If you read my bio, you know my love of cooking started early when my mom would let me “help” her in the kitchen and explain what she was doing as she went. I couldn’t even begin to count how many afternoons I spent doing homework at the kitchen counter, watching her ponder whether to add oregano or rosemary at the stove. I wouldn’t trade that training by osmosis for anything!
This is how your pot should look before you add the liquid. Isn’t it gorgeous?
I recently found myself snowed in at my parents’ house and took advantage by learning how to make my mom’s pot roast. There’s some debate over whether or not this is a true pot roast since the meat is technically a chuck roast, but whatever it is, it’s delicious, comforting, and absolutely impossible not to indulge in seconds. This is my mother’s “foolproof, looseygoosey method.”
Buzz’s Pot Roast
One 3-5 lbs chuck roast
Carrots (baby, or cut into pieces if large)
Onions (pearl, or cut into quarters if large)
Potatoes (I prefer small, assorted that can be left whole, but again, cut into chunks if large)
Celery, cut into three-inch pieces
Flour, salt, pepper
Fresh herbs, such as rosemary, thyme, or parsley
- Preheat oven to 300 degrees. Heat a generous amount of olive oil in a heavy Dutch oven. In a flat dish or on waxed paper, combine 1/2 cup flour with salt and pepper. If you have seasoning salt, a good dry rub, Herbs de Provence, etc., feel free to mix it in the flour. Dredge the meat thoroughly on all sides in the seasoned flour.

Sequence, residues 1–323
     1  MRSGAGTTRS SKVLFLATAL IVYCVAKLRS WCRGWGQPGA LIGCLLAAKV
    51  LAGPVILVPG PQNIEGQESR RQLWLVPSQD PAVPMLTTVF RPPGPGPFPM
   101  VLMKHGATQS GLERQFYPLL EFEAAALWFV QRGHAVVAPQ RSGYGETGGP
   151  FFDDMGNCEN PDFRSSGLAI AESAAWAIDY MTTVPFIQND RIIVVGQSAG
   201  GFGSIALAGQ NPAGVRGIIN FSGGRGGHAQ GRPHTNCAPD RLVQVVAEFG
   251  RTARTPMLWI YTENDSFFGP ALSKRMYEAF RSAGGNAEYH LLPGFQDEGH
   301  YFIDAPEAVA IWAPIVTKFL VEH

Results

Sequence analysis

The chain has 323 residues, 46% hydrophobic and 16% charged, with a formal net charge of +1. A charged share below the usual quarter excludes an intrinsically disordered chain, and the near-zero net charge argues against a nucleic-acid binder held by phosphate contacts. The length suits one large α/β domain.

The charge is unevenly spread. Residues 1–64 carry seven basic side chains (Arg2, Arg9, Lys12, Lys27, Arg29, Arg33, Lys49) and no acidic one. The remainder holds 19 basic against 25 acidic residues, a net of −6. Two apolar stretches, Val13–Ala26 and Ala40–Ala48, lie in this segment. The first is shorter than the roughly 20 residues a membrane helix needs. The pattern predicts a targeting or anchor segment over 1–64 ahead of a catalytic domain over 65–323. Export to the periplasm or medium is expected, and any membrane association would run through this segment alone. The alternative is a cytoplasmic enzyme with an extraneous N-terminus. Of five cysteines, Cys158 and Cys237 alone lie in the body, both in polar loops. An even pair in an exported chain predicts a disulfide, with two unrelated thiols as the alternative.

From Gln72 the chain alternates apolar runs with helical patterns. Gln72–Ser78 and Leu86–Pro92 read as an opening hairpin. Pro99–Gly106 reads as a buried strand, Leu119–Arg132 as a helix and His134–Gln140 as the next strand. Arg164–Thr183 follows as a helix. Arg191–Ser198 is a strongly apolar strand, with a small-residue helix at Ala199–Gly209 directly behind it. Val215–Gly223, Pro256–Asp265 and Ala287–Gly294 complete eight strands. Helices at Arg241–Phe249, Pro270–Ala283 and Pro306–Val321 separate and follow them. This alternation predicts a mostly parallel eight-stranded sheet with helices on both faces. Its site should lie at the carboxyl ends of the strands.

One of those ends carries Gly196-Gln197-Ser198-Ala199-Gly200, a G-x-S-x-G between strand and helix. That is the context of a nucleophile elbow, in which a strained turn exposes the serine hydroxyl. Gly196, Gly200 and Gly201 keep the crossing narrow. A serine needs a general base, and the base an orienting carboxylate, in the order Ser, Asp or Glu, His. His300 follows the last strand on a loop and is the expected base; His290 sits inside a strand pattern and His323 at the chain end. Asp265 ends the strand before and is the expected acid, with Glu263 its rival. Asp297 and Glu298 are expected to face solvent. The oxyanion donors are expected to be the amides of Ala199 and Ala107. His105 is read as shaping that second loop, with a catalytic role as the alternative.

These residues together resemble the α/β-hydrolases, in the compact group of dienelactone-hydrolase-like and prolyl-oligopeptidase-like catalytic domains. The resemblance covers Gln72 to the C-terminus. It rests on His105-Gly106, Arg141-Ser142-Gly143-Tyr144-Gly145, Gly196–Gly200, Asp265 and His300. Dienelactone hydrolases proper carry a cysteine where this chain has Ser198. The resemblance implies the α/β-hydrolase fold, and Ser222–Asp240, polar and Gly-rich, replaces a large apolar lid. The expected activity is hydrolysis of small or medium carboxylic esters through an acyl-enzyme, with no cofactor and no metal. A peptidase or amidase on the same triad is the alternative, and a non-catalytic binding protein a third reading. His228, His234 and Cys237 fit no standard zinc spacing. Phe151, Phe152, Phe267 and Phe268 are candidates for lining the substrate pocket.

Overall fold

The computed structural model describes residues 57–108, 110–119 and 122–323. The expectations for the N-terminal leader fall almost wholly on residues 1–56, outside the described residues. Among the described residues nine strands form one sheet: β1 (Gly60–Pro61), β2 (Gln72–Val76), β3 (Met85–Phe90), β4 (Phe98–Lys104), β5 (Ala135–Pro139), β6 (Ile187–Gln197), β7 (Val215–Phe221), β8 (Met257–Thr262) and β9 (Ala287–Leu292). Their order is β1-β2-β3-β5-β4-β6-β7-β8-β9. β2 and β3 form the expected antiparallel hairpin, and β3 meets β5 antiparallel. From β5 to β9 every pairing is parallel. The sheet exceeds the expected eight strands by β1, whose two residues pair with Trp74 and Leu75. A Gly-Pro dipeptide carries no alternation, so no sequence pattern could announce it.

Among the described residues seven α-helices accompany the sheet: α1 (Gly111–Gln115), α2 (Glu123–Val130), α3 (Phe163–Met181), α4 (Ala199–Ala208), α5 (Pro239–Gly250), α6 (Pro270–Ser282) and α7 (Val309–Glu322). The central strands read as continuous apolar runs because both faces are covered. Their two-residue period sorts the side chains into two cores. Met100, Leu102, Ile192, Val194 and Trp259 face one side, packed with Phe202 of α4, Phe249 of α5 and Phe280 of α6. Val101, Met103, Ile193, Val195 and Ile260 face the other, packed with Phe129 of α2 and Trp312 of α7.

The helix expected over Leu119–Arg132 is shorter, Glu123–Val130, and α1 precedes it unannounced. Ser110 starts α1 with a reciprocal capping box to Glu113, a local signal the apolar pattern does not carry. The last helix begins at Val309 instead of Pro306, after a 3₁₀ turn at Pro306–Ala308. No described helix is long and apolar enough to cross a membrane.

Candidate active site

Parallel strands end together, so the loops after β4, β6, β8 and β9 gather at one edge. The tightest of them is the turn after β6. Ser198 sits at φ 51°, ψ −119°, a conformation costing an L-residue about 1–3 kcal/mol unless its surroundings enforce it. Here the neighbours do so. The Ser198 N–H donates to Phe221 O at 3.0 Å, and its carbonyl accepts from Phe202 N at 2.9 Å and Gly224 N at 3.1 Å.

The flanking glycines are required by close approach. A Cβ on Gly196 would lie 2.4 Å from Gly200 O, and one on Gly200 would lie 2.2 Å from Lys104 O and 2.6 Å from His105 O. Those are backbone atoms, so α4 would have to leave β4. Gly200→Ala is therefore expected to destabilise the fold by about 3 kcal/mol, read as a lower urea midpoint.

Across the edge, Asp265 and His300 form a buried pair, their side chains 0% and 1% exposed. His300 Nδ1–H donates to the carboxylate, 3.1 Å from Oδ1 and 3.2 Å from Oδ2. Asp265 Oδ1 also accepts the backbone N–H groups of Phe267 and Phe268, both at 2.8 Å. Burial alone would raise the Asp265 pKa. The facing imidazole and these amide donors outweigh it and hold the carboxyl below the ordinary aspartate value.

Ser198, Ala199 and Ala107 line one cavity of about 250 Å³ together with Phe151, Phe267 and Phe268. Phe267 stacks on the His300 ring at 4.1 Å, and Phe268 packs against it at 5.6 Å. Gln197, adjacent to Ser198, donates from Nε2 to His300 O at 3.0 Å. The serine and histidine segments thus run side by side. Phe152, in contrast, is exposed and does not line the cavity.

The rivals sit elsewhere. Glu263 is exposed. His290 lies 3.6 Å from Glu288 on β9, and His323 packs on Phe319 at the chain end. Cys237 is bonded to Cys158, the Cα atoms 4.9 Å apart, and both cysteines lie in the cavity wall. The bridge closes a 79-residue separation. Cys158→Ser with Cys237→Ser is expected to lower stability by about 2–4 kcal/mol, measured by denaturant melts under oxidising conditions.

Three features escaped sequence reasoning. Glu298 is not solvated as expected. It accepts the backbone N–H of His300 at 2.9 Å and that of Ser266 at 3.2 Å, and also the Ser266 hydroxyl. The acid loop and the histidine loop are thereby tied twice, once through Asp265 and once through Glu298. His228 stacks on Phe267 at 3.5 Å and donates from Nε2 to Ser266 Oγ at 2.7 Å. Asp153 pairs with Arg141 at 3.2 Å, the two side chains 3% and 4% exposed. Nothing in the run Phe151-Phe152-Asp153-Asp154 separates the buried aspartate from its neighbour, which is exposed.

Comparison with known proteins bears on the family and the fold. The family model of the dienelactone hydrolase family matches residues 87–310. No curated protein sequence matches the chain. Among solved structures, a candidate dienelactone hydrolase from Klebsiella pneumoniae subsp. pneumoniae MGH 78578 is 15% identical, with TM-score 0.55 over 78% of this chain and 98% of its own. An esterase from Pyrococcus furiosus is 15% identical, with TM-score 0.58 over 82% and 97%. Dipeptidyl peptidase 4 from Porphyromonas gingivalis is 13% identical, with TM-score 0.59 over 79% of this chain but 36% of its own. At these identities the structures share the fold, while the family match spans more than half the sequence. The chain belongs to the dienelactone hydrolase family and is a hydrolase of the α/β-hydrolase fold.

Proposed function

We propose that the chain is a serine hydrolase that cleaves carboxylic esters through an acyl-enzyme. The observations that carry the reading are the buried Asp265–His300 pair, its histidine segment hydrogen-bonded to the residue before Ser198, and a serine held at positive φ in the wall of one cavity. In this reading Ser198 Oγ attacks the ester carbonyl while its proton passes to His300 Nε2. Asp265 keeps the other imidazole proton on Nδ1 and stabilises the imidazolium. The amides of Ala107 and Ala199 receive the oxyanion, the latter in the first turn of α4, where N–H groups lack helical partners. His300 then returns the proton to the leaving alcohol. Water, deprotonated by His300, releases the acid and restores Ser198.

- Sear the meat in the Dutch oven on medium to medium-high heat on all sides; leave each side for several minutes until it has a crispy brown crust, then turn. Do the edges this way too.
- Add the vegetables around the bottom, sides and top, nestling the potatoes on the bottom as much as possible, then the onions, carrots and celery. Add some finely chopped garlic too if you have some! Now pour in your liquid: this can be any combination of beef broth or bouillon (about two cups total) to which you may add 1/4 cup red wine, a few splashes of A-1, Heinz 57, Worcestershire sauce, etc. Play with the combination to your own taste. The liquid should nearly cover the meat.
- Now sprinkle some chopped fresh herbs on top, tightly cover the pot, and place in a 300 degree oven for three to five hours (about one hour per pound of meat, minimally, but longer is always great).
- When I think I should have about an hour to go, I may peek – lift the lid and make sure you still have lots of liquid. You can flip the meat over or rearrange the veggies somewhat – moving the top ones down lower in the pan.
- To serve, lift out the meat, cut off any fat, and cut the meat into chunks.* You can serve the meat on a platter and the vegetables in a separate bowl, or just pile it all together. Either way, generously spoon the liquid over all, and enjoy!
*Mom says to cut it but it should be noted that the meat is SO tender, it basically falls apart in shreds. Don’t be alarmed. It’s delicious this way!
When I reheated this for leftovers, I made garlic Parmesan mashed potatoes to be a bed for the beef and vegetables. Delicious!